Pennsylvania schools may have gotten a bump in state funding in 2013-14, but education advocates say school districts are still reeling from deep cuts in previous years.
“Some school districts have closed libraries, some school districts have changed their transportation pattern, they’ve cut athletics,” said Mark Miller, vice president of the Pennsylvania School Boards Association and Centennial School District board member. “The sizes of classes are going up, extracurricular activities are going down.”
Miller joined several dozen advocates who rallied Monday in the state Capitol in hopes of convincing lawmakers to prioritize revamping the state’s education funding system. The speakers, including parents, advocacy organization leaders and a couple lawmakers, urged the General Assembly to develop a fair standard formula for funding Pennsylvania’s schools.
State Rep. James Roebuck, D-188, Philadelphia, argued the state has fallen short of its constitutional obligation to fund public schools equitably and adequately.
“Poor schools are disproportionately taking the hit in these budgets that we pass, and a recent education secretary sat in my office and told me that funding is irrelevant to educational outcomes; it is all about parenting,” said state Sen. Daylin Leach, D-17, Upper Merion, triggering loud boos from the group of advocates.
“Now parenting is important, but that is a very convenient way to absolve yourself of the responsibility for making sure that we have good public schools,” Leach said.
In 2008-09, the state implemented a school funding formula, with funds disbursed based on school-level data such as student enrollment, poverty levels, English language learner populations and local tax contributions.
Pennsylvania abandoned that formula under Gov. Tom Corbett.
The 2013-14 state budget signed by Corbett increased K-12 education funding by $122.5 million, or 2.3 percent.
But the increase didn’t make up for the roughly $1 billion in funding cuts imposed on school districts over the past few years. The advocates didn’t identify sources from which the state could pull additional revenue for schools, insisting it’s the General Assembly’s job to find it.
Schools have taken a variety of measures to absorb the cuts, including wage freezes, layoffs, bigger class sizes, reducing benefits and outsourcing services. Some have also managed to operate more leanly and reinstate employee benefits and refill positions.
Palisades librarians and music, art and Spanish teachers rotate elementary schools. Central Bucks has outsourced more than three dozen bus routes to an outside contractor. In Quakertown, student athletes must now pay-to-play.
“My daughter just went into a middle school that had to eliminate all of its after-school programs. They cut their Home Ec class and their shop class. They are sitting in large classes,” said Susan Spicka, a Shippensburg parent who co-founded Education Matters in Cumberland Valley. “She is really, truly not receiving the educational opportunities that the students before her received.”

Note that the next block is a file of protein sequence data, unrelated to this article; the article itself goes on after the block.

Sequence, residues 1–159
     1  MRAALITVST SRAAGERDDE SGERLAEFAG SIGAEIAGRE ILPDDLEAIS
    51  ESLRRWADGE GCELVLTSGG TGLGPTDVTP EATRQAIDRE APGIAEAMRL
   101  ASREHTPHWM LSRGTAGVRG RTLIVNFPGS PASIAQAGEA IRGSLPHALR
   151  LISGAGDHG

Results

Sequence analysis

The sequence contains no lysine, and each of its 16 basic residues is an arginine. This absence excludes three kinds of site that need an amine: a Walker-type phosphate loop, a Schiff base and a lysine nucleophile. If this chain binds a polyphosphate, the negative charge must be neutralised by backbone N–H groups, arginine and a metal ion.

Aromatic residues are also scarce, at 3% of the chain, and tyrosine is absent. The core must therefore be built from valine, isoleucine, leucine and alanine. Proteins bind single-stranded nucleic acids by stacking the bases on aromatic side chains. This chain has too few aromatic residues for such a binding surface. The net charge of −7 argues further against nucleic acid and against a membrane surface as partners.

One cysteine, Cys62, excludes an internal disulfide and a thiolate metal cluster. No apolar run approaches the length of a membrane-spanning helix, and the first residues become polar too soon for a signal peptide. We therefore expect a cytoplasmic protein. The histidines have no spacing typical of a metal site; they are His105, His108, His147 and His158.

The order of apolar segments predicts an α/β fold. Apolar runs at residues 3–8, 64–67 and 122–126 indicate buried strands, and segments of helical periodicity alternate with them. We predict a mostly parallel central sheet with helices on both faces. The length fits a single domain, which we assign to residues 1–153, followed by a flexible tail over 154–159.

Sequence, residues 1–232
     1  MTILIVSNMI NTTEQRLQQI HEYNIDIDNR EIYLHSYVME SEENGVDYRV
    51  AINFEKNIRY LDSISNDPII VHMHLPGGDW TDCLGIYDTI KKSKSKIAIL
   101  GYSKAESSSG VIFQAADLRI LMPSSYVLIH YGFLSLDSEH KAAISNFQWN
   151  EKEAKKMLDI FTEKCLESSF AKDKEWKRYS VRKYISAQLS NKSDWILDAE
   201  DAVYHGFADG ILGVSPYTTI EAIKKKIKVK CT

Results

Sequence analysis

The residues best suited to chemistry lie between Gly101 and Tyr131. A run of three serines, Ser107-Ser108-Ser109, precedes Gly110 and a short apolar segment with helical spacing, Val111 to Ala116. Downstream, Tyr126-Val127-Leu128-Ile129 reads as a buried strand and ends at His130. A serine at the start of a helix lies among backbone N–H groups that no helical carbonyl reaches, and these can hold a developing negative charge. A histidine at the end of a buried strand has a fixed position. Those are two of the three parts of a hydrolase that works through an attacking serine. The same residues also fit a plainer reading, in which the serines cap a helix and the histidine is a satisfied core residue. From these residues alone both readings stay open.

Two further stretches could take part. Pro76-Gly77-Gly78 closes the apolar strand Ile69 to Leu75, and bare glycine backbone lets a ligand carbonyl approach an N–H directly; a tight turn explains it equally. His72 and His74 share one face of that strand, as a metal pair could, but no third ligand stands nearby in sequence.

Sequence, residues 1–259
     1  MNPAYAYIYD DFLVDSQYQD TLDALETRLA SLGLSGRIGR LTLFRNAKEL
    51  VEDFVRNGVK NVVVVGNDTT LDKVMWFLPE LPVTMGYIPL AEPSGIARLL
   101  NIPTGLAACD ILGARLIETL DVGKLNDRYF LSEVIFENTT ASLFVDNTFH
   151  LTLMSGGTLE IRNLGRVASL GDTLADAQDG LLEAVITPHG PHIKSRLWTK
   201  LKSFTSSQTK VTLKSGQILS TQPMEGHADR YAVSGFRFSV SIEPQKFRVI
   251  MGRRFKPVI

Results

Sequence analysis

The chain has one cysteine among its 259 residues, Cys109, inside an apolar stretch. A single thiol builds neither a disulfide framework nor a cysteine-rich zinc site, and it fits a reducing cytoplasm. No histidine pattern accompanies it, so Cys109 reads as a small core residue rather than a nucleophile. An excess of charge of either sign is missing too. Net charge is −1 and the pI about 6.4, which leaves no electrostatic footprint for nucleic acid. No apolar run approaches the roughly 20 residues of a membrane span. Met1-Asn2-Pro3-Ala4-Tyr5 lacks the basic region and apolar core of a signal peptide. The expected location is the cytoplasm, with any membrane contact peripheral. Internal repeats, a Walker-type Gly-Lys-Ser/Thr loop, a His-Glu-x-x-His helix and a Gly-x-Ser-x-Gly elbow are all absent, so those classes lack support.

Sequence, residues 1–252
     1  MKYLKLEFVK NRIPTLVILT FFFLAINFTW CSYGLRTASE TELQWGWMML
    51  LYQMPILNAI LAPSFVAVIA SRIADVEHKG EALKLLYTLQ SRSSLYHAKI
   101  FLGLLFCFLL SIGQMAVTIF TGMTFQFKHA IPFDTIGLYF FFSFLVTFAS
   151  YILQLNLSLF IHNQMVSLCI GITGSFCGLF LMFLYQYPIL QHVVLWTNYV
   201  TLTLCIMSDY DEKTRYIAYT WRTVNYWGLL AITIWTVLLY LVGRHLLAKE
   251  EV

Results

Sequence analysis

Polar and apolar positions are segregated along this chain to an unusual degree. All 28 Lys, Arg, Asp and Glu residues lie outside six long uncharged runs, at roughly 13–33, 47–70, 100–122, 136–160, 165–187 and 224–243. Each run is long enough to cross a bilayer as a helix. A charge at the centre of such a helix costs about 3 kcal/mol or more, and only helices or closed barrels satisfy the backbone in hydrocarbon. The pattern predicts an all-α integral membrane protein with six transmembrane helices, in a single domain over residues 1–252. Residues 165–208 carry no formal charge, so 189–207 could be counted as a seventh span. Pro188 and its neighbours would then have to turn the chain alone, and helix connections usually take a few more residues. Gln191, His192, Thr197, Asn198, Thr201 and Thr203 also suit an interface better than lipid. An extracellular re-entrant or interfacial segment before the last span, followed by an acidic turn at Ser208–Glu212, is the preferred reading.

Maura Buri, an Upper Merion school board member with three children in school, said her district has scaled back resources and aides devoted to English language learners, with some students now getting that extra help once a week instead of daily. Class sizes have increased, from 22 to 23 students, up to 26 to 28 students, she said.
“People think we have a lot of money and we don’t,” said Buri, also a board member of the Montgomery County Intermediate Unit. “Our special-needs kids are not getting the services that they need. They’re required by law, and it makes us cut other programs just so we can meet the requirements.”
Some cash-strapped schools are struggling to prepare for more rigorous standards and related assessments under the newly approved Pennsylvania Core Standards, based on the national Common Core framework. Some areas, like career technical education, have been flat-funded for several years, Miller said.
“You cannot teach tomorrow’s skills with yesterday’s tools,” Miller said. “We need to have more money, and more sources of income, in order to put America’s children into the workforce when they graduate from school.”
The pro-formula advocates also accused lawmakers of cherry-picking school districts that benefitted from an extra set of funds this year folded into the state budget. After closed-door negotiations, legislative leaders divided a pot of $30 million among 21 districts. Lancaster Superintendent Pedro Rivera didn’t know his district was getting a $2.4-million infusion until he read it in the news, the Lancaster Online reported. Midland Borough in Beaver County received $250,000, while 479 districts were left out. None of those funds went to school districts in Bucks, Montgomery, Cumberland or Fayette counties.
The advocates at Monday’s rally, organized by Education Voters of Pennsylvania, Education Matters in the Cumberland Valley and Keystone State Education Coalition, say they’ve collected nearly 1,300 signatures from 219 districts in 51 counties in support of a fair education funding formula.
Pennsylvania is one of three states without a standard school funding formula, the Education Law Center noted in a February 2013 report. The same report found that Pennsylvania contributes about 36 percent of the share of school district funding, below the national average of 44 percent.
“Forty-six states spend a greater part of their budget on public education than Pennsylvania does,” said Miller, who also co-chairs the Keystone State Education Coalition. “Forty-seven states have a funding formula. Why not Pennsylvania?”
Source: Education News